In many ways the Bible is ‘a tale of two cities’. Two great cities dominate the theatre of Biblical revelation—Jerusalem and Babylon. Both these cities feature prominently in the events at the end of the age. Their history is wonderfully intertwined in Scripture. The rise of one inevitably meant the decline and fall of the other.
Today Babylon is a small settlement in Iraq. It has been most notable in recent times as the seat of one of Saddam Hussein’s extravagant palaces.
The Scriptures have a great deal to say about this city and understanding God’s purpose for Babylon is critical in understanding His purpose for these last days. It is not an overstatement of the case to insist that for God’s people to live as they ought in this age, and to have a right view of Christ’s return, they must have a right view of what God reveals about Babylon and Babylonianism.
On July 19th, 2011 a columnist in The Daily Telegraph wrote the following:
“We are heading towards fiscal union or break-up,” said David Bloom, currency chief at HSBC. “Talk is no longer enough as the fire threatens to leap over the firebreak into Spain and Italy.
Political events that have been developing in Egypt over the last few weeks have drawn the attention of the world upon that nation. It is always interesting – and important for the Christian – to examine such things in the light of God’s word. Bible history of course has a lot to say of Egypt and the role that nation played in the history of Israel in Old Testament times.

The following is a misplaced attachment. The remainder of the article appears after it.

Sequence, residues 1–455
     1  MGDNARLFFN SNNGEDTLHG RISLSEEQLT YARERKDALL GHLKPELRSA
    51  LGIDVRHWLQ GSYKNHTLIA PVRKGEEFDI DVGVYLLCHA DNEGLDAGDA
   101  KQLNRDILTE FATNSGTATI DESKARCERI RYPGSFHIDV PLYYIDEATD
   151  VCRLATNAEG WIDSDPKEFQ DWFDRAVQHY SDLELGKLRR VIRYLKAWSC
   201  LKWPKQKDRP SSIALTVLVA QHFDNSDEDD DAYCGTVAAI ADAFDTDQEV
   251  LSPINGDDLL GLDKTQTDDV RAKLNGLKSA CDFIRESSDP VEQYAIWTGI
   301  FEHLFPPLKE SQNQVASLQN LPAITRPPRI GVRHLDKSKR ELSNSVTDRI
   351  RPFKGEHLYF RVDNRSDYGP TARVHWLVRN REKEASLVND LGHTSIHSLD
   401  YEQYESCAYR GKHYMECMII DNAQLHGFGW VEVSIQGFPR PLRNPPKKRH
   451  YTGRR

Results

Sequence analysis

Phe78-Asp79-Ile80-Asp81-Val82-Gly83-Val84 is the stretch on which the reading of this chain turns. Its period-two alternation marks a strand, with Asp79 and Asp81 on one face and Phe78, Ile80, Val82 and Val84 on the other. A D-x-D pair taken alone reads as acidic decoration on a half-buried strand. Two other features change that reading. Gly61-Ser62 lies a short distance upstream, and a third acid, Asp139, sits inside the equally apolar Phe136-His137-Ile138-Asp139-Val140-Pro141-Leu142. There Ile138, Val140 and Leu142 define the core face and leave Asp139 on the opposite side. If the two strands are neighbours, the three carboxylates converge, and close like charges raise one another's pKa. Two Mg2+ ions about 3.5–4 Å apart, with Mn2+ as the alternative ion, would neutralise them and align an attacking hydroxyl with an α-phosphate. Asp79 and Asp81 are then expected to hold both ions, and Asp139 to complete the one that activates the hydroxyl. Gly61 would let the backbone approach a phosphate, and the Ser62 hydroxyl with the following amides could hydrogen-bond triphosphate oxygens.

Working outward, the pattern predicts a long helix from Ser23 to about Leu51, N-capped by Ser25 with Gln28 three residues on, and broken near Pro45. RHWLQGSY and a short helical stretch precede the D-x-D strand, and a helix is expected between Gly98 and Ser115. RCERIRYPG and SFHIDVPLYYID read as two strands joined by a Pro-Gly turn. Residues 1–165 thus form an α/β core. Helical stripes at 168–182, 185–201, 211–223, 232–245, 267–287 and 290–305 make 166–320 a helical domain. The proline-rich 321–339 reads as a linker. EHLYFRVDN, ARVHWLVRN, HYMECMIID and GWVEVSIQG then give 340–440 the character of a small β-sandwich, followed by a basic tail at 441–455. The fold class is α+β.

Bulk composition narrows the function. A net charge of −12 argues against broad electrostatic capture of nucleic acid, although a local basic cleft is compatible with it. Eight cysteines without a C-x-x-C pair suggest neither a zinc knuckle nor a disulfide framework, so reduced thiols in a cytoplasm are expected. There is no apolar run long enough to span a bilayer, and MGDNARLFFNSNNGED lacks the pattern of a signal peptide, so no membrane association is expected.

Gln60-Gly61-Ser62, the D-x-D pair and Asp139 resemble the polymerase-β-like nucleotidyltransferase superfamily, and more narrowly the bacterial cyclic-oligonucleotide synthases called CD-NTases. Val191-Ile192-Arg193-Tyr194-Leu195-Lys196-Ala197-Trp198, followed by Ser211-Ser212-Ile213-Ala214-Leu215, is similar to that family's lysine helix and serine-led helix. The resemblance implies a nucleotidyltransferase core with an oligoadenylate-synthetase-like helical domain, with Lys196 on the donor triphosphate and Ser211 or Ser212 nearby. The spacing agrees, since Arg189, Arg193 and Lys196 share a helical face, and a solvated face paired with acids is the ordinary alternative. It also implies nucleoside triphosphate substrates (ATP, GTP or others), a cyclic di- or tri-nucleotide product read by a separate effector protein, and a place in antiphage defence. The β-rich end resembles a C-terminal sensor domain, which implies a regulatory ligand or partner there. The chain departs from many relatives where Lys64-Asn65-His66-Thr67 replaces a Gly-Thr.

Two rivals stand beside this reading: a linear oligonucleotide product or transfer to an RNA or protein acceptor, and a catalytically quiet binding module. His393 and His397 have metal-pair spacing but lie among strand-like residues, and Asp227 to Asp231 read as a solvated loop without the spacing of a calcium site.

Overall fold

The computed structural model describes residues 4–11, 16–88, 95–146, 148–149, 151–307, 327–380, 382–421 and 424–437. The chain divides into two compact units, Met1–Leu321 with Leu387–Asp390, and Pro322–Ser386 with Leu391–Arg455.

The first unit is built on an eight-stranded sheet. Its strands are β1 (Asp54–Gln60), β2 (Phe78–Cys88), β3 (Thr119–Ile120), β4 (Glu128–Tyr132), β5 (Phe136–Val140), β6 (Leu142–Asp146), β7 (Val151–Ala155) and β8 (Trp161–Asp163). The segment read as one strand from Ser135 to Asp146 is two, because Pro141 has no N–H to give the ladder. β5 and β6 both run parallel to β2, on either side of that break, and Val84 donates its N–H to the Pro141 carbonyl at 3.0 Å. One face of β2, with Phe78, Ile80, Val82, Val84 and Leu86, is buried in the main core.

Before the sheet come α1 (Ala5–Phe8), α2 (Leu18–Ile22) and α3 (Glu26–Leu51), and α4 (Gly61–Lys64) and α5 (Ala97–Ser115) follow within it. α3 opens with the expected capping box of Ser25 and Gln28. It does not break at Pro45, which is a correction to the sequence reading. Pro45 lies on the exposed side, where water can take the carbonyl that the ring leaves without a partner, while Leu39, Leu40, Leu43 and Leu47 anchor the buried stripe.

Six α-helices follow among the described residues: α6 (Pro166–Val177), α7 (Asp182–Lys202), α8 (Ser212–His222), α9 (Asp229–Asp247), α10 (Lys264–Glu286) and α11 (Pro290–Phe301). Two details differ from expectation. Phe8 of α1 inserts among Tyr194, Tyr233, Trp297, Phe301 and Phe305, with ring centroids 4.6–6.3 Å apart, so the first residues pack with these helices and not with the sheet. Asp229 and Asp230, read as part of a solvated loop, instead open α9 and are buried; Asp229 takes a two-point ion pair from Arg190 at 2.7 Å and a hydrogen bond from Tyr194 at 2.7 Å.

But the Bible has more to say about Egypt than just to record historical events. It very clearly points to a role played by Egypt in the events that will revolve around the Antichrist and continue even until the time of the end, Daniel 11:40. While, at this point, the immediate future for Egypt may involve great uncertainty, the word of God reveals to us the infallible purposes of the Sovereign God of Heaven whose counsel regarding that nation will be carried through. God declares “the end from the beginning, and from ancient times the things that are not yet done, saying, My counsel shall stand, and I will do all my pleasure.” (Isaiah 46:10)